Valentines Day: amo, amas, a ... blah.

Latin: I love, you love, she ... blah.  Why not start off a Valentines Day post with a little Latin?

I try to avoid posting too many personal things here on Swoon.  The closest I have come were my posts about leaving our first family home, the post this Summer where I shared that I have moved out of the house I loved because my husband and I were separating, a post where I waxed poetic about my love of running and my post about my dear friend Maggie.  I view this blog as my creative outlet, and I shy away from getting into feelings or "real" stuff.  It is, I think, quite common practice among a lot of bloggers to share only the good and none of the bad; to take a picture of a perfectly staged room only to have a pile of junk hidden off to the side; to focus on the surface stuff when deeper things linger.  Truthfully, I did it and I still do - and it's OK because this blog is about DIY and projects, not a personal diary of my life.   Today is different though.  It's Valentines Day.  I've watched other bloggers post for weeks about the holiday and hearts and projects for their sweethearts; I've walked the aisles of stores and have seen the red and pink hearts; I've seen the commercials for diamonds and rings and cards (Hallmark: you get me every time).  Yes.  It is all the same stuff as in years past, but this year, it is very different.  It is hard.  Rather than finding myself annoyed or "over" the holiday, I have found myself, well, sad.  And I feel bad.  What, after all, is wrong with celebrating loving someone and being loved?  When you strip away the commercialism and the silly hearts and cupids, what is so bad about Valentines Day?  A day that is devoted to romantic love is really not such a bad day.  This life can be hard and cruel.  It is a battle for every single one of us.  So a day that is focused on true love .... well, there's just nothing wrong with that.

But what does someone going through a divorce do on Valentines Day?  How is one supposed to feel?  Obviously it is hitting me hard, as I've just used a ton of rhetorical questions, and I *hate* rhetorical questions.  

Nothing, absolutely nothing, can prepare you for your feelings during the pendency of a divorce: going from saying "we" to "I"; the first Christmas alone; when you catch a glimpse of one of your wedding photos; that strange feeling when you catch yourself instinctively rubbing your thumb against your ring finger searching for rings that are no longer there; if children are involved, those first few weekends without them.  It is all hard.  For years, I have scoffed at Valentines Day.  "It's a stupid manufactured holiday," I would say.  It is easy to scoff at a holiday of which you are a part:  you have the liberty to choose whether to celebrate it.  But when you're once again without a Valentine, it is different.  It seems that everyone in the world is out there with a valentine, wearing her heart on her sleeve.  Everyone, it seems, but you.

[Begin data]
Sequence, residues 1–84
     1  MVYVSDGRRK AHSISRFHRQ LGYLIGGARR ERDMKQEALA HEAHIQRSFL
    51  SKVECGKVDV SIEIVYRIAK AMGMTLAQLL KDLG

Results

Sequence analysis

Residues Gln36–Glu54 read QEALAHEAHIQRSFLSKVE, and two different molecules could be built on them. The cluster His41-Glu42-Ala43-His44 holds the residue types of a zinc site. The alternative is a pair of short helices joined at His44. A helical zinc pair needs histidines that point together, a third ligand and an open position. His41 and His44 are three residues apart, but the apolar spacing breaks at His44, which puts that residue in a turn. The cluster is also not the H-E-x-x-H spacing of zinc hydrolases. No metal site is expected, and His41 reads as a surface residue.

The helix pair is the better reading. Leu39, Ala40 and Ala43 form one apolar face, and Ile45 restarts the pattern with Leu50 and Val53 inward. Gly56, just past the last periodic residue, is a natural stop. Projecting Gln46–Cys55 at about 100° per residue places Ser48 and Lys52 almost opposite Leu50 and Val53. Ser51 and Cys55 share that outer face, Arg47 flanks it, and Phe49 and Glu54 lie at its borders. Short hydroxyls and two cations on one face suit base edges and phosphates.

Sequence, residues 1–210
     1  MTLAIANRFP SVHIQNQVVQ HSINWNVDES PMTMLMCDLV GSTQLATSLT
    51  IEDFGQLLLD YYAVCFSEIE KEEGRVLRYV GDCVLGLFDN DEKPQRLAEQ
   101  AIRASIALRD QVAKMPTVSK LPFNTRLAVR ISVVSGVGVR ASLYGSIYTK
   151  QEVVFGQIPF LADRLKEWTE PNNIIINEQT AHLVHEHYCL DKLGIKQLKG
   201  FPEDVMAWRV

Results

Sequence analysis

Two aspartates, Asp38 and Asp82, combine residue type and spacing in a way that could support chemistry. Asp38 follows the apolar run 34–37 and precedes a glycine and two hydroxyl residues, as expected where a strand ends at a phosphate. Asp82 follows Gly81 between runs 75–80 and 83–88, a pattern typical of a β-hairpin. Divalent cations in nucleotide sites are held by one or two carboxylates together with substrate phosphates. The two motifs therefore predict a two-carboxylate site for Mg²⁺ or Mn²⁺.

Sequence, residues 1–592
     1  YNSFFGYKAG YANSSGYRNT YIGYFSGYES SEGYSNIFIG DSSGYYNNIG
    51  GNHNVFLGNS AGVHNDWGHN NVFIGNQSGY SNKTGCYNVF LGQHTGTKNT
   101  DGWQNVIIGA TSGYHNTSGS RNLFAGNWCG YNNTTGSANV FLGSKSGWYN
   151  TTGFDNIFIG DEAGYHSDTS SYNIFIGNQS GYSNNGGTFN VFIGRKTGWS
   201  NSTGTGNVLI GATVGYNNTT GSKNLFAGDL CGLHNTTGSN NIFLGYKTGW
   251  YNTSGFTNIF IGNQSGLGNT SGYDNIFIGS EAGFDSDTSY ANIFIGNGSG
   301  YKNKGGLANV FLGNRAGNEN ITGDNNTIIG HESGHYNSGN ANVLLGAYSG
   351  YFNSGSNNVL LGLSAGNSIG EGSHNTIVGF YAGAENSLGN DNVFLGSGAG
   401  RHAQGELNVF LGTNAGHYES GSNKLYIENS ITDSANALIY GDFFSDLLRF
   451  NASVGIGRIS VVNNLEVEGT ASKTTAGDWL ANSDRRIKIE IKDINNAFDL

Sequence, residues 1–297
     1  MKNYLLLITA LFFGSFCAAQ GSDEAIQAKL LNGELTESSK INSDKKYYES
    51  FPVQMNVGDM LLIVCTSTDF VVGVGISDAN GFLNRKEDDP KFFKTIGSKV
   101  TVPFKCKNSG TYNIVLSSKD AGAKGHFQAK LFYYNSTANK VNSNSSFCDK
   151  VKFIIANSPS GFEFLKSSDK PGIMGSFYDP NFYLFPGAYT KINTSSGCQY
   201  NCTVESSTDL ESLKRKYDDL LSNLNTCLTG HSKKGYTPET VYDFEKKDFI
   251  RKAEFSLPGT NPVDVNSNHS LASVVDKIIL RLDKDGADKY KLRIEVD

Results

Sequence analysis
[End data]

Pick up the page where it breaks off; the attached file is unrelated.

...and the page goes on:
I have learned, though, that I can pull myself out of the darkness by focusing on the good.  This Valentines Day, rather than be upset and focus on what I do not have, I am breaking out of my comfort zone by doing something completely different and also focusing on what I want.   Tonight I am running in a singles 5K run - a non-competitive jaunt that happens to end at a bar with a happy hour ... with a couple of free drinks and food - hello!  I think it will be fun and, above all else, will get me out of my house for most of the night.  How apropos on the day of love that I am combining two things I love oh-so-much: running and beer.  

But I also want to turn around my thinking and focus on love and the love I want and deserve.  I always think about Carrie Bradshaw's line from the finale of the "Sex and the City" series:

I’m looking for love. Real love. Ridiculous, inconvenient, consuming, can’t-live-without-each-other love.
This is what I want.  I believe it is out there.  I believe in love and all that comes with it -- to love and to be loved; to need and to be needed.  I believe there is someone out there who will love me and get me and who knows that I would rather have one single lily of the valley stem over a roomful of red roses -- someone who knows that despite the fact that I would never ask for them, I actually love receiving flowers.  I am hopeful that this will be the hardest Valentines Day that I ever have.  I feel a lot like Scrooge at the end of A Christmas Carol, because I promise, when the time is right, I will not take Valentines Day, and more importantly what it means, for granted again.  Because, despite the heartbreak and all of the struggle of life and love, I believe in love.  And I believe in me.  

See you swoon,


  1. Love you, Shan. Beautifully written as always. You are going to have that crazy, take your breath away love, I just know it.